A selection of recent books by UChicago faculty members
Srikanth Reddy, Professor of English
Srikanth Reddy’s serial prose poem follows a fictive English professor who faces adversity: a bleak tenure outlook, poor teaching evaluations, and a melanoma diagnosis. Over one academic year, fall to summer, this narrator shuttles from home to clinic to classroom, where he is teaching Hum 101: Introduction to the Underworld. Every book on the syllabus is a Book of the Dead: Egyptian, Mayan, and more. Reddy’s poem spirits the reader into those distinct underworlds, fluidly shifting between realms and styles, life and death, hell and purgatory, quotidian existence and eternal afterlife. Underworld Lit balances its satire of contemporary higher education with an age-old exploration of mortality.
By Thomas C. Holt, James Westfall Thompson Professor Emeritus of American and African American History
In a compact 120 pages, Thomas C. Holt shines new light on the US civil rights movement of the mid-20th century. As a young man Holt himself marched in his hometown of Danville, Virginia, during a visit by Martin Luther King Jr., and was jailed for his participation in that and other political demonstrations. His book emphasizes the many who took part in the struggle rather than its most visible leaders, reframing this important passage in American history as a grassroots movement of ordinary people. Holt’s analysis shows the movement had origins in earlier, lesser-known protests mounted successfully against racist Jim Crow laws during what some call the “long civil rights movement,” and in the service of 1.5 million African Americans in World War II, which gave them a surer sense of their rights.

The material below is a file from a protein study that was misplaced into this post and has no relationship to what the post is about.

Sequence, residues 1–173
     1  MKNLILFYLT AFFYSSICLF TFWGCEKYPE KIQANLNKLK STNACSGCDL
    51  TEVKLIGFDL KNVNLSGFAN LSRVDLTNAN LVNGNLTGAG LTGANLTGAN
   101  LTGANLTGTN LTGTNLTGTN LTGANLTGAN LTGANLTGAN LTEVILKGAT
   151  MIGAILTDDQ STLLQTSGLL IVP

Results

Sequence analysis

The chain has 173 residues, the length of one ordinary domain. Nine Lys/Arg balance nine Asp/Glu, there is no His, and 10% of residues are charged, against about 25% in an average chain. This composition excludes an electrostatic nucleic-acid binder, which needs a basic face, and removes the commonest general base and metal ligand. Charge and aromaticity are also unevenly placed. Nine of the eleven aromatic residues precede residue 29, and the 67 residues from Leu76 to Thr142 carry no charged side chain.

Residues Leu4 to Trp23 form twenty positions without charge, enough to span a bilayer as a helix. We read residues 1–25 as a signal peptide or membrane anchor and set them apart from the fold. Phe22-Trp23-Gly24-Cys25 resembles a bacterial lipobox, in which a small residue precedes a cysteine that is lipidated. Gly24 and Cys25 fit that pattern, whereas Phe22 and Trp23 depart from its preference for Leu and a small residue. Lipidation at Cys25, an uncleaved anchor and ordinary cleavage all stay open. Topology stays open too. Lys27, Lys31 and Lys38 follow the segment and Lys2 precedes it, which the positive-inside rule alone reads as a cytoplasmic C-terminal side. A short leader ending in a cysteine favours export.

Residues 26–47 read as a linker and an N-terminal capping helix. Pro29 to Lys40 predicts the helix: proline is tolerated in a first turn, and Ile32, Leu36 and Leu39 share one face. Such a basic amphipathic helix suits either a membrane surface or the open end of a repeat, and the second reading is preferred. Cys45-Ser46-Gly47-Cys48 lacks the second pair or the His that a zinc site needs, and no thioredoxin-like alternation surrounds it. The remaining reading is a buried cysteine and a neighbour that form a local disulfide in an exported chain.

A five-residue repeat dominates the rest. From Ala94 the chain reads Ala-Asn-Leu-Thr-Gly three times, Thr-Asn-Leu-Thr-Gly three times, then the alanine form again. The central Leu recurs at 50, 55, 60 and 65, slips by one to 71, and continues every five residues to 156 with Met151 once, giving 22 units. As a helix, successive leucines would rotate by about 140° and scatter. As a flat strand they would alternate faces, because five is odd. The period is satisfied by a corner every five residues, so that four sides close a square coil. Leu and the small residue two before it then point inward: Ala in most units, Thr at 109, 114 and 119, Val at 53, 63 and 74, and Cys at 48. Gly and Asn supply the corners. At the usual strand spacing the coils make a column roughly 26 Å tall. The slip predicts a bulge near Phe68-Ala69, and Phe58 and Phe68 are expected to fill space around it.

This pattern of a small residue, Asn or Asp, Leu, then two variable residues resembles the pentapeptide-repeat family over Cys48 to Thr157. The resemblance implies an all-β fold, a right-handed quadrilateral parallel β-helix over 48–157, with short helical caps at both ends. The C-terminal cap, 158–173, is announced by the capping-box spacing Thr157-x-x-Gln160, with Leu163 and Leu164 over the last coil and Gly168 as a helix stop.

By William Sites, Professor in the Crown Family School of Social Work, Policy, and Practice
In 1946 a young musician and composer named Sonny Blount moved to Chicago’s Washington Park neighborhood. His years living on the South Side, sociologist William Sites writes, were decisive for the career of experimentation and innovation that followed. Sun Ra and his Arkestra made history with exuberant performances and recordings synthesizing many styles into their own. The postwar South Side where the bandleader spent 15 years was a crossroads for any number of intellectual and musical sources, including Afrocentric philosophies. Through extensive research into this cultural scene, Sites argues that it was critical to Sun Ra’s development, to the emergence of Afrofuturism, and to a sense of the city as a space rife with possibility for Black Americans.
By Chiara Cordelli, Associate Professor of Political Science
In the United States employees privately contracted by the federal government—to run prisons, fight wars, inspect food, and perform many more functions—now outnumber federal civil servants nearly three to one, writes Chiara Cordelli in The Privatized State. Moreover, in some US states, nonprofit organizations provide up to 90 percent of social services, and sectors like education rely increasingly on private philanthropy. Cordelli argues that this high degree of privatization, seen in democracies abroad as well as in the United States, works against freedom, justice, and government legitimacy. The privatized state reproduces conditions that Enlightenment thinkers associated with precivil societies: provisional justice, undue dependence, and unequal freedom. A democratic and just government requires robust public institutions, and constitutional limits should be placed on privatization, she contends.